What if the problem wasn’t stress, but rather our perception of stress?
Stress seems to be the ill of the century. And, especially since the Covid-19 crisis, burn-out is inviting itself onto every level of the corporate world, in an increasingly visible way.
In one of his posts on LinkedIn, physician and neuropsychologist Bernard Anselem mentions a study published in the journal Health Psychology that highlights the link between stress and mortality, carried out on 30,000 American adults over the course of eight years. According to this study, when they are subjected to high stress levels, people who believe that stress has a negative impact on their health do indeed suffer excess mortality, whereas the people who have a more neutral perception of the matter can withstand it without any significant impact on their health.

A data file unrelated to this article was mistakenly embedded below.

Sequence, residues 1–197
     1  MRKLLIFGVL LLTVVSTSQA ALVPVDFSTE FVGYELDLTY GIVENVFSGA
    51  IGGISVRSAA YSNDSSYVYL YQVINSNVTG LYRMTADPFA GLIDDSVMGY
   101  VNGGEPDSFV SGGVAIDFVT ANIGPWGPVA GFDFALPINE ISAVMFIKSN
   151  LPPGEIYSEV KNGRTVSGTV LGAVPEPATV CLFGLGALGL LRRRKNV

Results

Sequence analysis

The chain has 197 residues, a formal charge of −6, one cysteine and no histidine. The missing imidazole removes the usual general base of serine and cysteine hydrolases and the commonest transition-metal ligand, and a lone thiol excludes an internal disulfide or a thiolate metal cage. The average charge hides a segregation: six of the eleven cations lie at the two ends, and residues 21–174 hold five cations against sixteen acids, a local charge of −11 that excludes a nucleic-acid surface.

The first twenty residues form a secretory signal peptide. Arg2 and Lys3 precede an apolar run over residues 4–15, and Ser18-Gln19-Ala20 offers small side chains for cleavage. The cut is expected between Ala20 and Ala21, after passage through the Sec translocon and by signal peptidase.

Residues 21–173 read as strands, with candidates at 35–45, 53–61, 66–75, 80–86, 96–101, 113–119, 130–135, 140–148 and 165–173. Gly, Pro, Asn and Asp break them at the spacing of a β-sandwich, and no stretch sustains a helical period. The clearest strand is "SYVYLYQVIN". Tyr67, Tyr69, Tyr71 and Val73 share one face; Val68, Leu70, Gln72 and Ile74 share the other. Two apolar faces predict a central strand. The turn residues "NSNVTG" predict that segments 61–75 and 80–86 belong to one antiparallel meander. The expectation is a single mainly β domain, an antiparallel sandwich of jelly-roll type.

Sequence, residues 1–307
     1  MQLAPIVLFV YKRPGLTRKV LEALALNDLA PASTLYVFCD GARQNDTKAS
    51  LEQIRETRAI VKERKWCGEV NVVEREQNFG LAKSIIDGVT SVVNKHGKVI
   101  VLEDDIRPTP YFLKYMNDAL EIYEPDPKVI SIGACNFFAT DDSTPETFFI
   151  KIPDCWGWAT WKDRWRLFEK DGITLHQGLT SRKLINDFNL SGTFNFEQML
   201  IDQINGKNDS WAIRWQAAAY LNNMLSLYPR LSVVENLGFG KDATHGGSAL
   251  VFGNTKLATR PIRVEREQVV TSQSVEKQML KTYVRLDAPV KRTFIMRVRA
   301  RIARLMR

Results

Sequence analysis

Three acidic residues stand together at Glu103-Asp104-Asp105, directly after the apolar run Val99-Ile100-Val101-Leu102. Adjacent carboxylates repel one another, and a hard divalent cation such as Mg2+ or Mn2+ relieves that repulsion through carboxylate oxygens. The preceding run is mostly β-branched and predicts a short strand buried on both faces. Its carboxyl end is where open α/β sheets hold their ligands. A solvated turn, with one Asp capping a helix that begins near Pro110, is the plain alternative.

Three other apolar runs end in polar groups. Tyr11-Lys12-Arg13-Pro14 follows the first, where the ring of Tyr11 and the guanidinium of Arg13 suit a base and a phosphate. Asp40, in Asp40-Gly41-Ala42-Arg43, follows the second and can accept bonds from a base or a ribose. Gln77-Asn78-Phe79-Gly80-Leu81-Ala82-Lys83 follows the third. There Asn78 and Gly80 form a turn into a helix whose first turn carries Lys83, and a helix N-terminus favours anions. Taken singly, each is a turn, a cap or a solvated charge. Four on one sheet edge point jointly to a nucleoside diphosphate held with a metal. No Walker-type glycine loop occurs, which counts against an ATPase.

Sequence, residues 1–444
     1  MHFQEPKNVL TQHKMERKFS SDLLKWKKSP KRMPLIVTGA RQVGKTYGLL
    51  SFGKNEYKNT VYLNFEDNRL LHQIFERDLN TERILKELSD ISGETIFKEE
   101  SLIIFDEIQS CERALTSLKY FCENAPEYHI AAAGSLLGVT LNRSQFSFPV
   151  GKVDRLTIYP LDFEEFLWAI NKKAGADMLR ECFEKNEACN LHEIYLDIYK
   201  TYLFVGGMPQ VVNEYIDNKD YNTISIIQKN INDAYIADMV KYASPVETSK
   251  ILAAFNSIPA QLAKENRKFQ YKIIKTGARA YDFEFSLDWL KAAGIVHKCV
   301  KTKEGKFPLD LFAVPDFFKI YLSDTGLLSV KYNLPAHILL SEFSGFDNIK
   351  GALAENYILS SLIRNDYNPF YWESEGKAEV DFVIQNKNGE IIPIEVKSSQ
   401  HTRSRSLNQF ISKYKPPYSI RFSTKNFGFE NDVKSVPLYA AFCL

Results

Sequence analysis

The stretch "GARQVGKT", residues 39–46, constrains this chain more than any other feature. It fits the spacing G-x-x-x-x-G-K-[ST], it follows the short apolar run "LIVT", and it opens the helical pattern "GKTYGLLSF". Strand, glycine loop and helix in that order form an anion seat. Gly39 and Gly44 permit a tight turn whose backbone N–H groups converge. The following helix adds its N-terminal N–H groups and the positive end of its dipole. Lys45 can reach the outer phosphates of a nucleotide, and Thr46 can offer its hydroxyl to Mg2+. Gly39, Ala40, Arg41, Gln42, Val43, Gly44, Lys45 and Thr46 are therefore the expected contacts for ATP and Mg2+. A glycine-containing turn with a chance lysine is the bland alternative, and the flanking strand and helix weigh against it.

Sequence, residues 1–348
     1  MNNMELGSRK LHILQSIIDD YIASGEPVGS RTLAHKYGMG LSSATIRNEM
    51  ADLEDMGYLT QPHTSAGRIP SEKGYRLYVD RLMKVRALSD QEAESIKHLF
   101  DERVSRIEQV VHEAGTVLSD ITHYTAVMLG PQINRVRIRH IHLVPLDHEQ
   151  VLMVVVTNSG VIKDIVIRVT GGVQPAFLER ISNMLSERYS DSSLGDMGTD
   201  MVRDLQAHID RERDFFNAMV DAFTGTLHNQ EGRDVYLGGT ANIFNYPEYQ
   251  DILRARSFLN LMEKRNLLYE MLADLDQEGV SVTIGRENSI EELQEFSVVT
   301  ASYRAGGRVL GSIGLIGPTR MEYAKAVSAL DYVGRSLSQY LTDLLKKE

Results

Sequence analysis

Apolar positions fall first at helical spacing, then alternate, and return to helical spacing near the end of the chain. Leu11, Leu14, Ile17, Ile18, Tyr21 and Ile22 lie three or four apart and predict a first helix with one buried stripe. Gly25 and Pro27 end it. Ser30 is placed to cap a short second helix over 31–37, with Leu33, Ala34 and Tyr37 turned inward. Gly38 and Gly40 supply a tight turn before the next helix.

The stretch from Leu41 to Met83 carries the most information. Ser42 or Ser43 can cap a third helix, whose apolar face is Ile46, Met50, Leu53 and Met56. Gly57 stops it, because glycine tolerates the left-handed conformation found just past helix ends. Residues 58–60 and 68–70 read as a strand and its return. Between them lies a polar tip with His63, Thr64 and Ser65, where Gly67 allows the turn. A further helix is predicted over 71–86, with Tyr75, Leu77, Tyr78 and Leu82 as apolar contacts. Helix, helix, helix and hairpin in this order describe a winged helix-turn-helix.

This is in line with other studies devoted to this phenomenon. For one thing, our interpretation of a situation influences our physiological reactions; thus, people who are sensitized to the utility of stress have less pronounced cardiovascular and mental reactions. For another, at the neurological level, the encoding of emotional and memory networks varies according to whether we perceive a situation as good or bad; if we relive the same experience, we will therefore be conditioned to once again perceive it as good or bad.
A scientific explanation of the virtues of a Stoic approach to stress.
Source: Does the perception that stress affects health matter? The association with health and mortality, Abiola Keller, Kristin Litzelman, Lauren E. Wisk, Torsheika Maddox, Erika Rose Cheng, Paul D. Creswell, Whitney P. Witt, Health Psychology, September 2012.